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Critique on Structuralism

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Critique on the Structuralists: Durkheim, de Saussure, and Levi-Strauss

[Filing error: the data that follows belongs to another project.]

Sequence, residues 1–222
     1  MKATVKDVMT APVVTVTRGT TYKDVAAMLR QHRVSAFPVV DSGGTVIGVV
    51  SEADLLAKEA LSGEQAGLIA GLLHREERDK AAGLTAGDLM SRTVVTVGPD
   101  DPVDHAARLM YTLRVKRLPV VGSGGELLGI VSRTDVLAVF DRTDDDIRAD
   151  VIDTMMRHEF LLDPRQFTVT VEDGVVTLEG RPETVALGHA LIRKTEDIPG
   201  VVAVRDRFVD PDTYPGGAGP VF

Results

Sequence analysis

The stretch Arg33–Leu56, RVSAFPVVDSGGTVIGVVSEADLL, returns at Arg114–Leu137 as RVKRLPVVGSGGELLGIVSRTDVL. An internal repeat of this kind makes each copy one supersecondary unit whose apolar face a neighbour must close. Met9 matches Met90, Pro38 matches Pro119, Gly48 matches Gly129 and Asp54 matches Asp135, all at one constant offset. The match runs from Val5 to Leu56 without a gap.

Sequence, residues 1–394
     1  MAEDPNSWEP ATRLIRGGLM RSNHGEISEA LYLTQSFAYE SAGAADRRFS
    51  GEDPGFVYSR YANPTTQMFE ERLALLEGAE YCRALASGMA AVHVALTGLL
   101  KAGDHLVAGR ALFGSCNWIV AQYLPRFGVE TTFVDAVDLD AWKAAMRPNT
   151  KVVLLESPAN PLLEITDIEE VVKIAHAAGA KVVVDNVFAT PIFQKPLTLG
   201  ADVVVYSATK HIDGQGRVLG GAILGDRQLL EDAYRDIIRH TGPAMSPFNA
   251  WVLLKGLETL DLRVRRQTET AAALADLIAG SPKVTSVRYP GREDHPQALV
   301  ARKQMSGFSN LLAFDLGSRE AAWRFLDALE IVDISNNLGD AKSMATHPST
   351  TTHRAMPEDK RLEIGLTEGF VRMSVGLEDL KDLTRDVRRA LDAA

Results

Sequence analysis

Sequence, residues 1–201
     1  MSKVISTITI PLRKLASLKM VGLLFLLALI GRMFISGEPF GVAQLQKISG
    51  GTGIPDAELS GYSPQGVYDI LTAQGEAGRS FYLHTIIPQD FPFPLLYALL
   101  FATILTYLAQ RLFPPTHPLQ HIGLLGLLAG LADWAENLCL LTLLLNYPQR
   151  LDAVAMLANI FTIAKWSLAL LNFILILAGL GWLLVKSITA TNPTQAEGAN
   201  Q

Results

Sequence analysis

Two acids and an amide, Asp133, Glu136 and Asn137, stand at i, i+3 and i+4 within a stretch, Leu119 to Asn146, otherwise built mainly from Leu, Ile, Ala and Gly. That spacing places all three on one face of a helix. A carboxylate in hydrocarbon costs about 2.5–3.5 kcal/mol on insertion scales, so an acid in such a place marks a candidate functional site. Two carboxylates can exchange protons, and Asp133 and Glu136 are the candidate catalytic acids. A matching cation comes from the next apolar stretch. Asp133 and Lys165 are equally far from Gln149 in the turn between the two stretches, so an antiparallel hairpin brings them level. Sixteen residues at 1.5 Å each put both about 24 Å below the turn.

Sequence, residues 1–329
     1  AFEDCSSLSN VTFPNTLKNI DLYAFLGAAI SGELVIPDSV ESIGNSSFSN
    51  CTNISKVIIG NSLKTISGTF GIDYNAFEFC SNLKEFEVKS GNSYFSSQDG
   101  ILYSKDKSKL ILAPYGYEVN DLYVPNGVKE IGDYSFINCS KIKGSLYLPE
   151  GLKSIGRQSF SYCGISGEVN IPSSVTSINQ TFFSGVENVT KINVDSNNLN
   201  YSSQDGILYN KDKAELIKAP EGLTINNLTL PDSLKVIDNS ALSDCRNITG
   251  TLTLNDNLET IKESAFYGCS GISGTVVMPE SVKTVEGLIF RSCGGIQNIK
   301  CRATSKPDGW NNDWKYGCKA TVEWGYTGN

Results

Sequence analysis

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  Structural Anthropology theory of religion emerged out of the historical study of religion. These theorists proposed a different method of the study of religion, including linguistics, ethnography/ethnology, mythology, and symbolism. Proponents of these methods were Saussure, Durkheim, and Levi-Strauss. The study of empirical cultures can bring new light and meanings to the rituals and myths of cultures. This is precisely what the structural anthropologists sought to unearth. Saussure raises the issue about language and speech. He says that language is the psychological aspect, whereas speech is the physiological aspect. At the end of his discourse, he stresses the need to explore the study of signs  — semiology. He explains that language is not natural to humans, but rather is formed through a social construct. Speech on the other hand, demonstrates the need of humans to communicate with each other, whether through oral sounds or through the use of signs and gestures (Saussure, pg 9). The Medieval Sephardic rabbinic authorities such as David Kim ḥ i, Abraham Ibn Ezra, and Maimonides gave primary importance to the definition of language in the study of the Torah. Within their commentaries, one will find explanations of cultural peculiarities of the use of language and demonstrations of the evolution of words in different biblical contexts. One example of such is the use of anthropomorphisms. Hence, one can see how the Sephardic luminaries were ahead of their time in a sense. Emile Durkheim establishes a principle for “primitive” and “simple” religion. He says that a religion is “primitive” when it does not take after an y other before it and when it is not surpassed by any other in simplicity. He says that the study of primitive religion must be done from the premise that they hold reality and express it. Moreover, he explains that the rites and symbols of these religions express a human need or some aspect life; one cannot assume that they are based on error. Hence, there are no false religions. They all have their truths and  answer the conditions of human existence in different ways (Durkheim, pg 217). This will later be explained and understood through the diffusion method of anthropology. His thesis is that one must study the root of religious ideas, practices, or legal principles and trace their evolutions through history. He uses Descartes’ principle of evolution to p lace naturism, animism, and totemism   at the  “ beginning ”   of religion. He says that one must find the commonality in religious traditions, separating the secondary from the principle. The study of  “primitive” civilizations allows the scholar to study human i nstitutions. Durkheim stresses the need to not judge simple religions through the eyes of the more-developed ones. Through this method of study, one can undertake the incognita of the srcin of religion, not to be confused with the “beginning of religion”   (Durkheim, 223). This method is the study of religion was vital for Maimonides. In his Guide For the Perplexed, he explains that all of the precepts which are known as ḥ  uqim   (laws that transcend human logic) can really be explained through the study of religious anthropology of the Near Eastern civilizations of the time when the Torah was revealed. Maimonides asserts that all of the Torah is indeed a contradiction to the Near-Eastern practices, and that its goal is to create a separation of the Hebrew civilization from the rest (Maimonides, book 4). Hence, this is what it means to be Am qadosh   (A holy nation). Ultimately, for Durkheim, the Australian absrcines are the best subjects for the study of primitive religion. Durkheim agrees with J.Z. Smith that one must not study religion through preconceived notions, i.e. defining “religion” as Christianity. Durkheim defines religious phenomena as a dichotomy of beliefs and rites. He also says that all religious traditions view the world in terms of profane and sacred. This is indeed the goal of the Torah  — to define what is profane and sacred, and to create a distinction between the two. Furthermore, Durkheim explains how the need to live a sacred life led to extreme asceticism and monasticism. These lifestyles are  precisely what Max Weber believed to have contributed to the “spirit of capitalism” as practiced by the adherents of European Pietism. On the contrary, this is the problem that Marx has with religion  — social parasitism. Overall, Durkheim asserts that religion must be studied in its own right, without the noise of Christianity. Next, Levi-Strauss explains that the anthropologist must be careful in drawing conclusions of different cultures that have similar customs and practices. He says that the linkage can only be done through a precise history or intermediary. Moreover, he explains that there two methods, namely, evolutionism and diffusionism. The former assumes that one culture is more primitive than the other and the latter uses a comparative method into to reconstruct individuals with fragments borrowed from different categories. This would imply that both Max Weber and Karl Marx used the evolution theory of historical analysis. An example of diffusionism is evident in the Midrash Rabbah   when the Rabbis state that the Torah was revealed at Sinai and each nation of the world heard some form of it and interpreted what it understood, and used it as the basis of the respective civilization. Levi-Strauss suggests that when performing the anthropological comparison, that the ethnologist limit it to a small region. He also cites Boas in saying that “one must study how things came to be.” As a result, the reconstruction of history opposes the traditional historian’s conclusion s. This is the idea when he says, “ The criticism of the evolutionist and diffusionist interpretations has shown us that when the anthropologist thinks that he is doing historical research, he is doing the opposite; it is when he thinks that he is not doing historical research that he operates like a good historian, who would be limited by the same lack of do cuments” (Levi -Strauss, pg 16). Levi- Strauss’ thesis on the analysis of religion is expressed in the following statement: “ The study of the mentally sick individual has shown us that all persons are more or less oriented toward contradictory systems and suffer from the resulting conflict . In  addition, he asserts that the cure and sickness is emotional and psychological. He also says that if one were to explain sickness in terms of germs, bacteria, and virus, it would cause no effect to the ill. In essence, he equated the shaman with the psychoanalyst. This precisely the problem that Freud has with religion  — the rules and norms of a given society are established based on the sense of guilt and when certain individuals within that civilization evolve, their freedom is curtailed due to the “primitive” understanding of their contemporaries.  According to Levi-Strauss, healing through a shaman and through a psychoanalyst are similar in that they use symbols, i.e. language, where the former speaks for the patient. In this aspect both Levi-Strauss and Saussure agree; the understanding of the symbols and language are of prime importance in analyzing myths.  Another form of language is myth. Levi-Strauss is surprised that few people dedicated their lives to the study of mythology. He agrees that a myth transcends the translation. However, the study of myths must include all of their constituents, lest the scholar misunderstands them. A method that is used to understand myths is placing the elements of the myth in columns and analyzing their relationships to one another. This is a visual tool that allows the anthropologist to understand the underlying meaning of the myth. Levi-Strauss uses this method on the Oedipus myth and concludes that it conveys the idea that procreation requires two people  — male and female. In the same fashion, the meaning of Rabbinic Midrash   and  Aggadah   can be deciphered through the diction and underlying structure as Levi-Strauss proposes. Levi-Strauss agrees generally that a myth and ritual go hand-to-hand, where the myth is conceptual and the ritual is put into action. However, he also states that they do not always have a one-to-one relationship. Also, he stresses that it is important to compare the myths of surrounding societies. This is what Eliade does in his work The Myth of the Eternal Return. By comparing various myths and finding similarities, he was able to develop the